Sunday, January 20, 2013

As natural and necessary as breathing

The Boston Globe presents April Lindner's new book, Catherine:
And that’s probably why we’ll see a fresh crop of new takes on old stories in 2013, starting with April Lindner, who’s turned Emily Brontë’s classic “Wuthering Heights” into the angst-ridden tragedy, “Catherine.” In 2010, Lindner recreated “Jane Eyre” as a story about a young woman who falls for a rock star. Her “Catherine” has a similar vibe, with a punk-era heroine who falls for the brooding Hence, a musician with whom she has an intense (and doomed) romance.
The book is told in two voices and toggles between two decades and the stories of Catherine, then a love-struck high school senior whose father owns a famous New York music club, and Catherine’s daughter, Chelsea, a modern-day 17-year-old living in Marblehead, of all places, who travels to New York to investigate the disappearance of her mother, who has been absent since Chelsea was a very young child.
Catherine” is a quick read, and Lindner astutely allows her setting to be as important as it is in the original. The “Wuthering Heights’’ manor is replaced by a CBGB-esque rock club called The Underground, which becomes the center of the narrative, for better and worse. It’s seedy, dangerous, and loud, but we don’t want to leave.
“The music was jittery, full of jagged edges — not my usual taste, but catchy,” Chelsea tells us on a visit to the club, now owned by Hence. “From the edge of the room I could watch the bassist joke around with the rhythm guitarist, and take in every emotion on the lead singer’s face; I could even catch his eye from time to time. Did my mother get to do this when she was my age? And how had she not missed living above The Underground after she married my dad and moved to suburbia?”
The thing about Lindner’s “Catherine” — and one could also say this about Stephenie Meyer’s third “Twilight” book, which also pays homage to “Wuthering Heights” — is that the novel on which it’s based involves a collection of selfish, impulsive characters who would drive you crazy in real life. YA readers might find themselves wanting to shake Hence, Catherine, and even Catherine’s perceptive daughter Chelsea, but they should remember that Brontë is the puppet-master here.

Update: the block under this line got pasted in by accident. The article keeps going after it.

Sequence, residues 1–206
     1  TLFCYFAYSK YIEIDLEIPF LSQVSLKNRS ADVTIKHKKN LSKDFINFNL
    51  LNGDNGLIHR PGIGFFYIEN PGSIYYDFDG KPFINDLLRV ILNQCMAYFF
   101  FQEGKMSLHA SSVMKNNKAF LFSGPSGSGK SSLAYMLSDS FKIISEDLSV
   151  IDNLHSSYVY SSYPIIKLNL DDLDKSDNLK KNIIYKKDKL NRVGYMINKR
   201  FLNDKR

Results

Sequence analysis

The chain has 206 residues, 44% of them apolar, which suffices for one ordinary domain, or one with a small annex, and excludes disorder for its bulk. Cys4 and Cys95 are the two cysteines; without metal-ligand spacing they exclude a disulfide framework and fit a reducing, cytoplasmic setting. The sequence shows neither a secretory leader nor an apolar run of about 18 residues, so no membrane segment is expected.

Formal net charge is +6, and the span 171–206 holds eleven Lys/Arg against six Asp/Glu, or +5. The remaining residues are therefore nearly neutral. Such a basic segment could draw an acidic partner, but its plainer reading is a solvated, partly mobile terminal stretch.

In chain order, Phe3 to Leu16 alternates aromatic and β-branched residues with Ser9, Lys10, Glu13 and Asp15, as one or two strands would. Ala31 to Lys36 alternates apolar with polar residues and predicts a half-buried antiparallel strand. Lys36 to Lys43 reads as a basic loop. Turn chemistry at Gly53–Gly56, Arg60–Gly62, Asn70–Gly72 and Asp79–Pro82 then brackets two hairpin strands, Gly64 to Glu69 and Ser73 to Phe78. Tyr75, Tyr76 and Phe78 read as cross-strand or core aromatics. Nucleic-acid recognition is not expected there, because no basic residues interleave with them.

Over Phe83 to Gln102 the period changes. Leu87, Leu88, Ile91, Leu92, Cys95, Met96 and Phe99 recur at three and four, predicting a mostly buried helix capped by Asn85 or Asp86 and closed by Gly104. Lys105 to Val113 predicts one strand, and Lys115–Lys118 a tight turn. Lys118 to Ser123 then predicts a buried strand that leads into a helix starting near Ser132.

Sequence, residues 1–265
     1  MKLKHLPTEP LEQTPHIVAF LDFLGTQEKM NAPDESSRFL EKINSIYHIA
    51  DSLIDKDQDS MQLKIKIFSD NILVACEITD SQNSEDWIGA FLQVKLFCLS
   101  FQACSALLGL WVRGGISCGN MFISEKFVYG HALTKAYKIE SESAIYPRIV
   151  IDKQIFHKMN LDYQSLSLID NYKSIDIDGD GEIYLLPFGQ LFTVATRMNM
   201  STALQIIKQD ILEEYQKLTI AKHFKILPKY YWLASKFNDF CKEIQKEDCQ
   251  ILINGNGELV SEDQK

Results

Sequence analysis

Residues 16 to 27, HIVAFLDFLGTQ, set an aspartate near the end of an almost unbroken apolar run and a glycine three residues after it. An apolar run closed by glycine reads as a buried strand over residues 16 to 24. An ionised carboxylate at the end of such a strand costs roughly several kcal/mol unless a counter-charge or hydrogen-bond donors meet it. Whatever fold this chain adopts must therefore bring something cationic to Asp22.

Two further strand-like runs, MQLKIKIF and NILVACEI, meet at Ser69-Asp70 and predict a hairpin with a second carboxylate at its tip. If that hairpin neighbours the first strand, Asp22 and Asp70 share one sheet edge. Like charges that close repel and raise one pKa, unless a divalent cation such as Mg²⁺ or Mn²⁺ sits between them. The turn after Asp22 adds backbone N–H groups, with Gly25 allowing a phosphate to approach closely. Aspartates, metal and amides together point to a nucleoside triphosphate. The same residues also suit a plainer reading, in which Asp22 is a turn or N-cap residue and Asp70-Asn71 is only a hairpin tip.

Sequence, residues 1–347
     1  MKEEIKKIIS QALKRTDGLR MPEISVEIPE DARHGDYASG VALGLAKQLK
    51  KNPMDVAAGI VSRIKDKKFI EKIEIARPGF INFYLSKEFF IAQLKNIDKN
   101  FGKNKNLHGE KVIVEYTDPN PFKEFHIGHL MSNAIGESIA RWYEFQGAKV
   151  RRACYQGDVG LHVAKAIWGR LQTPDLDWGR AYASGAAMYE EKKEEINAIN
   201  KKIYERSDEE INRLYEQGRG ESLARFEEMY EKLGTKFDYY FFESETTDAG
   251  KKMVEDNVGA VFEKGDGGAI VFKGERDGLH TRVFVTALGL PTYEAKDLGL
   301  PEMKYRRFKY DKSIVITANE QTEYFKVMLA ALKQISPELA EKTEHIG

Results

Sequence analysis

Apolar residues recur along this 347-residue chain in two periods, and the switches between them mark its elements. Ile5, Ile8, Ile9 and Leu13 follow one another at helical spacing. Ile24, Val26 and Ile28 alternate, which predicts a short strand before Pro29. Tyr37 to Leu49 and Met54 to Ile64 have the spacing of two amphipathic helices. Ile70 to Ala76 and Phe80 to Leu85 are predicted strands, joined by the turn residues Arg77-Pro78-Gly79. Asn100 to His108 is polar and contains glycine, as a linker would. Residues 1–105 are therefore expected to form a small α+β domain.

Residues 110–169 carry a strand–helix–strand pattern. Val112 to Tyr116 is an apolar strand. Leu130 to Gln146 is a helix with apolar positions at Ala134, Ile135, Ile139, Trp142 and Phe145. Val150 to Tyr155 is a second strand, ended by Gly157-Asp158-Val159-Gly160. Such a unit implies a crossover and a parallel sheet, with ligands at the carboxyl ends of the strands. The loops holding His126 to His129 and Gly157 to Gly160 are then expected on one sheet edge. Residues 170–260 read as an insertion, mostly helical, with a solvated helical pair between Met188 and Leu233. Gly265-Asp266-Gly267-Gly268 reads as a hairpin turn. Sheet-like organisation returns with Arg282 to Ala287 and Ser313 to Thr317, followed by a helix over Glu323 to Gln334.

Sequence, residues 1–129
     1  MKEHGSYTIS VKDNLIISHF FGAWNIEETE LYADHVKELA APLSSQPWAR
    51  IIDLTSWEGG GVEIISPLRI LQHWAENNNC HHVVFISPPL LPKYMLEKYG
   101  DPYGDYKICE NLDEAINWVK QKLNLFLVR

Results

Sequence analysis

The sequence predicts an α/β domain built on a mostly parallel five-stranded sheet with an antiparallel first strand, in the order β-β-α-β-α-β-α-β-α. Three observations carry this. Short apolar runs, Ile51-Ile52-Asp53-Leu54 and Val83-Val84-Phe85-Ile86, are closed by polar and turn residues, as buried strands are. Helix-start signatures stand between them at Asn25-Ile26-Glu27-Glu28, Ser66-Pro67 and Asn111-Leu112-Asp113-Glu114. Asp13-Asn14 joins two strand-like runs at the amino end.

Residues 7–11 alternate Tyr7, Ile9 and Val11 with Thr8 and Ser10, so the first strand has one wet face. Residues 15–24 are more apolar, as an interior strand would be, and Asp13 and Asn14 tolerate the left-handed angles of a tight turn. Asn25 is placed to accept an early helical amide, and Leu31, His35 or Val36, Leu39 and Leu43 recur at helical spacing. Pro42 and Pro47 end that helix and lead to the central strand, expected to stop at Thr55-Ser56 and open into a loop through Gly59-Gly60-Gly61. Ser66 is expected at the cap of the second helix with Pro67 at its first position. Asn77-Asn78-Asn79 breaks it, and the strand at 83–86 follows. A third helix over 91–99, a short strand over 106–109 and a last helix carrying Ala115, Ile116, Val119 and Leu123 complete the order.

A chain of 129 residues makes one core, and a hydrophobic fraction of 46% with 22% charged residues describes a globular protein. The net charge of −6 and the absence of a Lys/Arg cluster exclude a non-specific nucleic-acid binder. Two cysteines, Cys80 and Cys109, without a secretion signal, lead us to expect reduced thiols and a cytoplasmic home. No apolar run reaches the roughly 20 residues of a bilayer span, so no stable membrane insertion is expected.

If anything, Lindner manages to turn the revenge tale into a far more endearing story about the parallel lives of mothers and daughters. Her heroines’ voices are engaging and appropriately similar, reminding readers that mom-types and their friends were young once, too. (Meredith Goldstein)
Joanna Trollope talks about bedtime stories and child readers in the Daily Mail:
I suppose – and I bet I am far from alone – I have always taken reading for granted.
From those early years with a torch under the bedclothes – Tess Of The D’Urbervilles and Jane Eyre all night long when I was about 13 – to right now, when I never go anywhere without something to read, and regard it as being as natural and necessary as breathing. 
The Boston Globe remembers when Sylvia Plath wrote to her mother on October 12, 1962 and she quoted from an article by Elizabeth Jennings in The Listener:
"I am a famous here--mentioned this week in The Listener as one of the half-dozen women who will last--including Marianne Moore and the Brontës!."
Actually the article said:
Memorable English or American poets can be numbered on less than two hands; one thinks of Emily Brontë, Emily Dickinson, Marianne Moore, Edith Sitwell's early work, Anne Ridler, Kathkeen Raine, Elizabeth Bishop, Sylvia Plath, and scarcely anyone else...
The Independent reviews the Leeds performances of Giuseppe Verdi's opera Otello and expresses a curious wish:
Dry and tight of tone for much of the performance, Kelessidi sings Act IV with great feeling. Not for the first time, I wished someone would do for Iago's wife Emilia (Ann Taylor) what Jean Rhys did for Bertha Rochester in The (sic) Wide Sargasso Sea. Bristling with mixed motives and divided loyalties, Taylor goes some way towards giving us more of this pivotal but underwritten character. (Anna Picard)
The Redlands Daily Facts talks again about the Smiley family letters, kept in the Smiley Library Heritage Room:
 Letter from Effie to "sister" on March 4, 1893:
"We are having great excitement now - for the big boiler is on its way up the mountain - a new experience for me. I have just been reading one of Charlotte Brontë's books and have been much in the contrast between the English and French characters." (Donald L. Singer)
The Sunday Times recommends a 'novel retreat in Derbyshire': North Lees Hall.
"It was three storeys high, of proportions not vast, though considerable: a gentleman's manor-house, not a nobleman's seat: battlements round the top gave it a picturesque look." On the downside, there was a madwoman in the attic. This year, you can find out if she's still there. Charlotte Brontë was describing North Lees Hall, model for Mr Rochester's ill-fated house in Jane Eyre, and the 16th-century pile, in a glorious Peak District valley, is just as romantic today, with spiral staircase, immense stone fireplaces, four-posters and an otherworldly air.
The Observer interviews the author Chloe Hooper:
I love gothic fiction – I suppose in my pantheon there's Jane Eyre and Rebecca – and a lot of those stories are about women finding themselves in an intimidating old house.
The Scotsman has a list of the most uplifting books and includes Jane Eyre as number four; Baena Digital (in Spanish) posts about the Brontës; L'Esprit Vagabond (in French) has visited Haworth for a second time; Huequitos de Sol (in Spanish) has discovered James Tully's The Crimes of Charlotte Brontë; Jennafifi and Ma Librarie (in French) post about Jane EyreBiblioteka Koraliny (in Polish) talks about Jane Eyre 2011; What... more books reviews Tina Connolly's IronskinShhh! The Movie's Starting reviews Wuthering Heights 1939.

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